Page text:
“Indeed! Try the oranges! My tree produced very well this season.” She held up a fruit that was a perfect example of its name. Finch was a nixie, and she looked almost human, though she was a bit smaller… and had gills, since nixies spent most of their time in the water. Finch was an exception, though she never went far from her streams and ponds she did maintain orchards and fields around them, using magic to help with growing some plants out of season. Of course, out of season fruit was more expensive… but worth every bit.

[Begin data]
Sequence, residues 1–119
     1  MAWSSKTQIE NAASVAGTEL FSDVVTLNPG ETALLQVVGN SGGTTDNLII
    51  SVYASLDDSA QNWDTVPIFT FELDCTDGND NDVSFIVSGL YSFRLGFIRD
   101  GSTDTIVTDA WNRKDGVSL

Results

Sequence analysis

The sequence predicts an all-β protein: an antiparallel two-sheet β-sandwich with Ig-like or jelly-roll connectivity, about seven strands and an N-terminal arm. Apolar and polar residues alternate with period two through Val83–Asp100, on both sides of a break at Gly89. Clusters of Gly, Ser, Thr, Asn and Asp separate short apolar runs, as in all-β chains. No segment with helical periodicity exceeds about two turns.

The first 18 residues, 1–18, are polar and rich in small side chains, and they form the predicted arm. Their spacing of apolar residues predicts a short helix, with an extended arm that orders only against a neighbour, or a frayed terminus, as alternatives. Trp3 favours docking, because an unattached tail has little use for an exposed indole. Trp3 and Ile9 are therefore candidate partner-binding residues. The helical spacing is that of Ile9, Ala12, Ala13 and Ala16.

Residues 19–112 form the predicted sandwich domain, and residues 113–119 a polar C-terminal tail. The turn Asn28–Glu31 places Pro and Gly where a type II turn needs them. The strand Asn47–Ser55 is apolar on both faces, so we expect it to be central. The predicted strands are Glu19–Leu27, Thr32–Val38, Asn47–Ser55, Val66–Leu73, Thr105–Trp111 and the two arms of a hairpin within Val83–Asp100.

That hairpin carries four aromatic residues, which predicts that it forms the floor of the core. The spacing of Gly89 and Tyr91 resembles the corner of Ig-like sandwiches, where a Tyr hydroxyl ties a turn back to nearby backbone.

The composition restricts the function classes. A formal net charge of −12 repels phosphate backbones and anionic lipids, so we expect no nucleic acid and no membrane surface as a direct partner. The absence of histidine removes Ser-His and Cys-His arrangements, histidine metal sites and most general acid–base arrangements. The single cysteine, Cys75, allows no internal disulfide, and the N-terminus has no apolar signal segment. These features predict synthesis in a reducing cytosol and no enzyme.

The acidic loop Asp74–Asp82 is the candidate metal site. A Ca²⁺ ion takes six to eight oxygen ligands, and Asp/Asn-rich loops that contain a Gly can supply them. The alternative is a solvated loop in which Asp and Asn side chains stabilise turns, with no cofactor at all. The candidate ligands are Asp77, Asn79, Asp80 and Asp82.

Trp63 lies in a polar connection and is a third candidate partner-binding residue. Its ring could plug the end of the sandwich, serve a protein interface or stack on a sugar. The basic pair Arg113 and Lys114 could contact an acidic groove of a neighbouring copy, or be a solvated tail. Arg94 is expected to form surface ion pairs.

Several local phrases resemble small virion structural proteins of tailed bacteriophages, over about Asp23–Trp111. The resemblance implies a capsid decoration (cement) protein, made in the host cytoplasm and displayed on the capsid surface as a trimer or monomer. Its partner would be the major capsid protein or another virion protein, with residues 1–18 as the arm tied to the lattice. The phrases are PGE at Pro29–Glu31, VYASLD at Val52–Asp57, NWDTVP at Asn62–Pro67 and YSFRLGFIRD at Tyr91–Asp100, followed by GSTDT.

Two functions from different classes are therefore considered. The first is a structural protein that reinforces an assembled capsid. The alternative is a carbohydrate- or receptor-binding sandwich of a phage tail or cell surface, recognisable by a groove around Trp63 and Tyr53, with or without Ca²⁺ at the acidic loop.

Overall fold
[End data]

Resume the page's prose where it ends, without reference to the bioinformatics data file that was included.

“I’ll try one,” Lucy handed over a few small coins. Fey were much like humans- while there were fewer of them and could use magic to grow crops- thus they didn’t have so many large fields taking space away from the forest- they still did everything humans did… including mine and create coins. Durable currency was useful for trade, and while gold and silver weren’t exactly durable, they didn’t rust like iron and it was easy to recover them with a bit of magic when they tarnished. Fey liked pretty things just as much or perhaps more than humans, so precious metals were still valuable. The coins weren’t the same size or print as Bryria used, but the idea remained the same.